He left the office with the new patient remaining.

Case 2. Essentially the same procedure was carried out, checking against the first patient’s file as this was done, and almost precisely the same words were used that were applicable.

At the close of the interview the man left, leaving his cigarettes behind him. Six months later a long-distance call was received from the first patient, stating, “Well, the news is bad, but you should feel good. Joe died last night in his sleep from a coronary attack. After he left your office, he never smoked another cigarette, his emphysema was much better, and he enjoyed life instead of worrying all the time about running out of cigarettes and about the cigarettes making his condition worse.”

Case 3. A telephone call was received early in the morning. A man’s voice said, “I’ve just realized that my condition is an emergency. How soon can I come in?” He was told that a cancellation had just been received and he could be seen in one hour’s time. At the specified time a 32-year-old man walked in, smoking a cigarette, and stated hastily, “I’m a chronic smoker. I need help. I’ve been in psychotherapy twice a week for two years. I want to quit smoking. I can’t. Look! I’ve got six packs in my pockets right now, so I can’t run out of them. My analyst says I am making progress, but I was only carrying two packs a day when I first went to him. Then slowly I increased my reserve and emergency supplies until it is up to six packs a day. I’m afraid to leave home without at least six packs in my pocket. I read about you. I want you to hypnotize me out of smoking.”

He was assured that this could not be done, but that the author would like to have him retell his story slowly, carefully, with his eyes closed, and to give it in good detail, letting his unconscious mind (he was a college graduate) take over all dominance, and that, as he related his story, he was to specify in full and comprehensive detail exactly what it was he wished in relation to cigarettes, but that during his narrative he would find himself going unaccountably into a deep and deeper trance without any interruption of his story.

The procedure and results were almost exactly comparable to the two preceding cases. Two years later another telephone call was received from the same man asking for a half-hour appointment at noon and volunteering to pay an hour’s fee. He again declared it to be an emergency.

Exactly at noon he came striding into the office and remarked, “You won’t recognize me. You only saw me for an hour two years ago. I am Mr. X, and I had had two years of analysis for excessive smoking with only an increase in my smoking. I can’t remember what went on when I saw you, but I do know that I haven’t smoked a cigarette since then. It’s embarrassing, too, because I can’t even light one for my girl. I’ve tried many times, but I can’t.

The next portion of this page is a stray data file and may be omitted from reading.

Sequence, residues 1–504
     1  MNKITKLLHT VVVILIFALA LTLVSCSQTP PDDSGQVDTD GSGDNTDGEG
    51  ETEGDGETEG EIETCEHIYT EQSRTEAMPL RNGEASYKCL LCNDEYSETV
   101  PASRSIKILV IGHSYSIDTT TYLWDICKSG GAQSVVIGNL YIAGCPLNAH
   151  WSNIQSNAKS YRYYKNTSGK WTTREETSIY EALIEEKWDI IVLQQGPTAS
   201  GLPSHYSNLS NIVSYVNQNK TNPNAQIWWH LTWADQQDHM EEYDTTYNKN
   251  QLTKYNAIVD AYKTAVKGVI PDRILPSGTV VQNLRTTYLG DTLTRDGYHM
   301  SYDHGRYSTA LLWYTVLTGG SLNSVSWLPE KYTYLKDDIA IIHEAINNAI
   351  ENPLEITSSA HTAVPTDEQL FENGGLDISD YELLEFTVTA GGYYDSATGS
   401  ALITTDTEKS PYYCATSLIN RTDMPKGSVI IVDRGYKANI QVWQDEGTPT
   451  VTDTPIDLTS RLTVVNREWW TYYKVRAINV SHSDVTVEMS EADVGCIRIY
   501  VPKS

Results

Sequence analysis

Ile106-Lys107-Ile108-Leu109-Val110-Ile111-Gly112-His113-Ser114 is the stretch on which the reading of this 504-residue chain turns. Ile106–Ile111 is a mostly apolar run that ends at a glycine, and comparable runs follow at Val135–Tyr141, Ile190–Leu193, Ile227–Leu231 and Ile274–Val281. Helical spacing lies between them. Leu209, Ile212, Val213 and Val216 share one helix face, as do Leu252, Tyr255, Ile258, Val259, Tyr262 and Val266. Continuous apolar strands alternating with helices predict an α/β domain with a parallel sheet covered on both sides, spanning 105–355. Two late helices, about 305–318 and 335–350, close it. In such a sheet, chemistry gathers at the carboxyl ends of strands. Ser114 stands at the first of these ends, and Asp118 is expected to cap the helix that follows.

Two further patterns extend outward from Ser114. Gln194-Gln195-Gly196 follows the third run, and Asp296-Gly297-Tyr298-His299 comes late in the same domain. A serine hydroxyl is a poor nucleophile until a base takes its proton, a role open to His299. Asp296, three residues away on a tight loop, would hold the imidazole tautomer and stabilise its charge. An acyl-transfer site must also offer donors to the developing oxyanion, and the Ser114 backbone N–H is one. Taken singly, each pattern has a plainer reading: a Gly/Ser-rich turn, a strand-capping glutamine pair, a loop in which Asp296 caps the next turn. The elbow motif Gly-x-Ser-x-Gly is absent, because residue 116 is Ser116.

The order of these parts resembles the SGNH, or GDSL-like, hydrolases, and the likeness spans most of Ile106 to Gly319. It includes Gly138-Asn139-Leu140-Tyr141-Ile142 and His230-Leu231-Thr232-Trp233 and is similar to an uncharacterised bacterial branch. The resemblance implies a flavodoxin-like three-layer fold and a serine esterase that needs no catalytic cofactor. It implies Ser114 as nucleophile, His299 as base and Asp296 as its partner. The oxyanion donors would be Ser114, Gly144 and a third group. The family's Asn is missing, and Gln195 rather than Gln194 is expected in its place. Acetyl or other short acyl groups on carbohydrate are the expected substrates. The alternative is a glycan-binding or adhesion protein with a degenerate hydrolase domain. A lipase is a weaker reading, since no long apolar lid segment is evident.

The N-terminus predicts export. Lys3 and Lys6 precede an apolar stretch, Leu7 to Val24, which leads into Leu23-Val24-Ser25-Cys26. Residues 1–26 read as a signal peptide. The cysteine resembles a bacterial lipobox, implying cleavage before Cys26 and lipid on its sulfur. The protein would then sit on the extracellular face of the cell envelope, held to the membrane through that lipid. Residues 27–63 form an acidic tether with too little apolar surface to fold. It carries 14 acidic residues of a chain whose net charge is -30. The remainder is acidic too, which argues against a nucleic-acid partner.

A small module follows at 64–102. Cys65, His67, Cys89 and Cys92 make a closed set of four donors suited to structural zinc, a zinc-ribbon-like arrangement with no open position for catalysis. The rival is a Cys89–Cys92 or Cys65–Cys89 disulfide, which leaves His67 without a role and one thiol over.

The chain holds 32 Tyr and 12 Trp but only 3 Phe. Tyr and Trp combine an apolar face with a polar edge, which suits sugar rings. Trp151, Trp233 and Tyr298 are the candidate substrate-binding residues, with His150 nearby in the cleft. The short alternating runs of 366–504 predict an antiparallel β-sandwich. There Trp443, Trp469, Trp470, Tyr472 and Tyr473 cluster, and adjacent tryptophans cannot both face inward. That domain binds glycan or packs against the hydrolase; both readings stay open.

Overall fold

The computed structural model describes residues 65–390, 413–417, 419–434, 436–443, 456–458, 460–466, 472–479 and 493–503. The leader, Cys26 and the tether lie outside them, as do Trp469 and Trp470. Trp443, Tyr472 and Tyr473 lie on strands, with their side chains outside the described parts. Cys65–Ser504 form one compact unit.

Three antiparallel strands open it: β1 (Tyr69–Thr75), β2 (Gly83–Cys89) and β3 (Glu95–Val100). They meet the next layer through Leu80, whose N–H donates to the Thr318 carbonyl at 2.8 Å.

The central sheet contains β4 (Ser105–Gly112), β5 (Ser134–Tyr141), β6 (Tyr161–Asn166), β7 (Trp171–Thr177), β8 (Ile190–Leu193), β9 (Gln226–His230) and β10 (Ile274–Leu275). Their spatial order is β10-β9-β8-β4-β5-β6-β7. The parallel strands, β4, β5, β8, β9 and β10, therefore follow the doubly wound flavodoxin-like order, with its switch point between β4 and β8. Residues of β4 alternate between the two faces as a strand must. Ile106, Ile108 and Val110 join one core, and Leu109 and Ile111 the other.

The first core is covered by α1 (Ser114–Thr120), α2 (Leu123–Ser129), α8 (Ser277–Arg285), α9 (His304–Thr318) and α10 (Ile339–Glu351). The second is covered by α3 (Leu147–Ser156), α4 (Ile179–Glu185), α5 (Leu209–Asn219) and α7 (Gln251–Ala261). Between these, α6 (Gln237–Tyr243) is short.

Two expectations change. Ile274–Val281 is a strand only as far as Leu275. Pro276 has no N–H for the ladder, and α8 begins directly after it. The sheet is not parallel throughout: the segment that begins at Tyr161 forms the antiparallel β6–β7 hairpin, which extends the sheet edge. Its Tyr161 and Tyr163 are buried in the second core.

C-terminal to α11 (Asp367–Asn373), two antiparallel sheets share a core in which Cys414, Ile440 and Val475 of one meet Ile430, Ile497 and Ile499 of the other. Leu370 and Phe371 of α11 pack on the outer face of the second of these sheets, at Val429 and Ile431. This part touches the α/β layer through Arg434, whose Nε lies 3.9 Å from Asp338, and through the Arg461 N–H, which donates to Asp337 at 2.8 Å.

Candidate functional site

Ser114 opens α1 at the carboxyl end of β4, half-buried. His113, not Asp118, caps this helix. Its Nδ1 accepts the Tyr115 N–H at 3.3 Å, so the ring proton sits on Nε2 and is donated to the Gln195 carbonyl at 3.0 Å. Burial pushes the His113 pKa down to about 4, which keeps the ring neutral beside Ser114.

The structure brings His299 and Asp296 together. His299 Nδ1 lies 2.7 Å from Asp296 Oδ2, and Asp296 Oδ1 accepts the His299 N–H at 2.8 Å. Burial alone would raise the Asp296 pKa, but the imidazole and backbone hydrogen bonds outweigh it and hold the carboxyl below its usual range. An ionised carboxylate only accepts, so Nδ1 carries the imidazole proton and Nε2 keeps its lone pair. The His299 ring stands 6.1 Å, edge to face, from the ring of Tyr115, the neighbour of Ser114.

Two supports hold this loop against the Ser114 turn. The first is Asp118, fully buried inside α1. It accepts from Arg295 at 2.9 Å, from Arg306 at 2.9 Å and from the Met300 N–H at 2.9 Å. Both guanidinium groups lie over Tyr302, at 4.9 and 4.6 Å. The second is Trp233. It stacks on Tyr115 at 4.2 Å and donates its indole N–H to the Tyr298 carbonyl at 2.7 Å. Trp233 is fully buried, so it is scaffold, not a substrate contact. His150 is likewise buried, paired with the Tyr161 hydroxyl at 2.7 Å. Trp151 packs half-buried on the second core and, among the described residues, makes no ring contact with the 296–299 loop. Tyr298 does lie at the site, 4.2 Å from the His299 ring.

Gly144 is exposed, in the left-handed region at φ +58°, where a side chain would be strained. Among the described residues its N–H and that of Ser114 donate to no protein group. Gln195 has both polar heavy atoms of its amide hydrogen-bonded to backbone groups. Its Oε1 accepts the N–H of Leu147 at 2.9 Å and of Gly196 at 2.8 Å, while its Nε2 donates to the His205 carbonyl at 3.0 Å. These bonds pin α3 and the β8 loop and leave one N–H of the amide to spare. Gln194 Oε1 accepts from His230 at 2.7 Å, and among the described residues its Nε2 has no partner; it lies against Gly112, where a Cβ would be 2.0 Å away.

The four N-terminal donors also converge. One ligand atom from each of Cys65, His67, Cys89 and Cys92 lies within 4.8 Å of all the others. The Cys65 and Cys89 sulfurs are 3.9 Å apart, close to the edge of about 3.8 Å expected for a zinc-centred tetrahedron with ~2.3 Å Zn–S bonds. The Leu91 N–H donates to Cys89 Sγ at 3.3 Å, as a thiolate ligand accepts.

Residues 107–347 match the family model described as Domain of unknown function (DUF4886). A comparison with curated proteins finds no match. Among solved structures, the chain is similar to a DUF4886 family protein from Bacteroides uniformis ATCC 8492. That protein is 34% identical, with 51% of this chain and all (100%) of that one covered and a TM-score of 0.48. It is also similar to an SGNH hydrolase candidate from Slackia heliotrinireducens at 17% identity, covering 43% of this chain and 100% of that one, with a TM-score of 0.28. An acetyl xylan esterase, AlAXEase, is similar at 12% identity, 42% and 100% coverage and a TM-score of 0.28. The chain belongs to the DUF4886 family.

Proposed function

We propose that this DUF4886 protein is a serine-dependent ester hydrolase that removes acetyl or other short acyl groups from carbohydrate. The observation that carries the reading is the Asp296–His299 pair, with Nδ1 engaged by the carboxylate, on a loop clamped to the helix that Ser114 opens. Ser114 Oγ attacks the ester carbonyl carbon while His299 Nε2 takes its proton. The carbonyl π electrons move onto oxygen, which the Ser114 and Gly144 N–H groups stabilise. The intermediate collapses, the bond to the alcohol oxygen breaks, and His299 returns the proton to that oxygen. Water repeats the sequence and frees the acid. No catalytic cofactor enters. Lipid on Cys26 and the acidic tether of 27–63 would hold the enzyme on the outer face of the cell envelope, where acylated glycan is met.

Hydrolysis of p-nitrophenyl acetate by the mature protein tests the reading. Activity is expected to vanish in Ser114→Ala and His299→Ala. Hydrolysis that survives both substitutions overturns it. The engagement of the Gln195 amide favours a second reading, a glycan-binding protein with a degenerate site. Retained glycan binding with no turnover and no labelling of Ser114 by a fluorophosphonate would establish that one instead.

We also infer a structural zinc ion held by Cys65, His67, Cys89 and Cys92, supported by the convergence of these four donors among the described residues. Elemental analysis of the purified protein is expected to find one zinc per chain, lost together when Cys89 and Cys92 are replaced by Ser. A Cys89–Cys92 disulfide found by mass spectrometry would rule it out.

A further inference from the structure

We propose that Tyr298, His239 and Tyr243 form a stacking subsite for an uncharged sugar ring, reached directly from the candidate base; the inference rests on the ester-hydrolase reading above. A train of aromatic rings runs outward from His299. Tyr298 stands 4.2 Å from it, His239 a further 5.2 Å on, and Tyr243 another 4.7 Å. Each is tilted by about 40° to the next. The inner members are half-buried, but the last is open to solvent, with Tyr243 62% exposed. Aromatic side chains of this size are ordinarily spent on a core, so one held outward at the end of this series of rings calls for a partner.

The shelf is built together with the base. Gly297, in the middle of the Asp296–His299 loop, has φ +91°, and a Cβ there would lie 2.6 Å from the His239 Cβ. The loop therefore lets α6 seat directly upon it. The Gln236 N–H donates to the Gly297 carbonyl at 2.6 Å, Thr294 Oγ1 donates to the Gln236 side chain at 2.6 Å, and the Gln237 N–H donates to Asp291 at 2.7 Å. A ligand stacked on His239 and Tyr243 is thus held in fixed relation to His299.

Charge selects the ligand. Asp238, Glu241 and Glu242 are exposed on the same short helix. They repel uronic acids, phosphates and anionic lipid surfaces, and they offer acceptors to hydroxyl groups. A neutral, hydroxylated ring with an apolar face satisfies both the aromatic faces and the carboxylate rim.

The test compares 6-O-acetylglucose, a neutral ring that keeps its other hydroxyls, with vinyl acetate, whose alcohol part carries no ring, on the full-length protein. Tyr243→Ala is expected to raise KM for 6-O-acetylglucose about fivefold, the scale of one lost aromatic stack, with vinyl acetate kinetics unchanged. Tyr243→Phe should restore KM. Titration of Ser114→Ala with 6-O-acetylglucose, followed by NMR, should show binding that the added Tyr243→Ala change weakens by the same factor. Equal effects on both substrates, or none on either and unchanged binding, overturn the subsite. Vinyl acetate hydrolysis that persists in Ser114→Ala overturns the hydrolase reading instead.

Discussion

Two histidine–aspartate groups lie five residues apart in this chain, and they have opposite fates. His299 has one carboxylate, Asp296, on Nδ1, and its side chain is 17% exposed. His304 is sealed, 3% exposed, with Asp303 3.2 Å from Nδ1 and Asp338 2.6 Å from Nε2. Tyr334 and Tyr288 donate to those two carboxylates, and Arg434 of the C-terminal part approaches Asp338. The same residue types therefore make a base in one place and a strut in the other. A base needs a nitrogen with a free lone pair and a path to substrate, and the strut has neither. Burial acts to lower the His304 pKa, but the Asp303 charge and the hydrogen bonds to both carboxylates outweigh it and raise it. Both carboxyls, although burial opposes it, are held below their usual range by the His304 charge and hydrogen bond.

“But I went back to that analyst, and he took all the credit for my stopping smoking. I didn’t tell him about you. I thought I needed to see him about what he called a character defect in me. Here I am with a college education, and the longest I’ve worked at a job has been three months. I can always get a job, but I’m 34 now, and four years of psychoanalysis has wound up with my last job lasting only five weeks. But I’m 34 now, and I’ve got the promise of another job with a future to it. Now I want you to do something about whatever is wrong with me because I’ve quit the analyst. I’ve had better jobs than the one coming up, but there is nothing to hold me to it. It will be the same old story. Now, hypnotize me and do what I should have had you do two years ago, whatever that was.”

His former case record was looked up to refresh the author’s memory. As precisely as possible the technique of the previous occasion was followed, and he was again dismissed. Two years later he was still at the ‘new job’ but had been promoted to a managerial position which he has held for over a year. A chance meeting with him disclosed this fact and also that he is married and a father and that his wife voluntarily gave up smoking.

Erickson’s original 1964 summary was as follows:

Three of a long series of similar cases are reported here to illustrate the use of hypnosis as a technique of deliberately shifting from the therapist to the patient the entire burden of both defining the psychotherapy desired and the responsibility for accepting it. Often this is the most difficult part of psychotherapy. In all the patients this author has handled successfully in this manner, all had a history of a steady, persistent search for therapy, but a failure to take the responsibility of accepting it. Additionally, all such patients with whom the author has had a known success were of a superior intelligence level.

In traditional ritualistic and conventional psychotherapies much, often futile, effort is made to induce patients to assume adequately the responsibility for their own behavior and for future effort. This is done without regard for the patients’ consciously thinking and firmly believing as an absolute truth the futility of any effort on their own part.

But utilizing hypnosis as a technique of deliberately and intentionally shifting to the patients their own burden of responsibility for therapeutic results and having them emphatically and repetitiously affirm and confirm in their own thought formulations and their own expressed verbalizations of their own desires, needs and intentions at the level of their own unconscious mentation, facilitates the therapeutic goals becoming the patient’s own goals, not those merely offered by the therapist he is visiting.

That this procedure always is successful is not true. There are many patients who want therapy but do not accept it until adequately motivated. There are other patients whose goal is no more than the continuous seeking of therapy but not the accepting of it. With this type of patient hypnotherapy fails as completely as do other forms of therapy.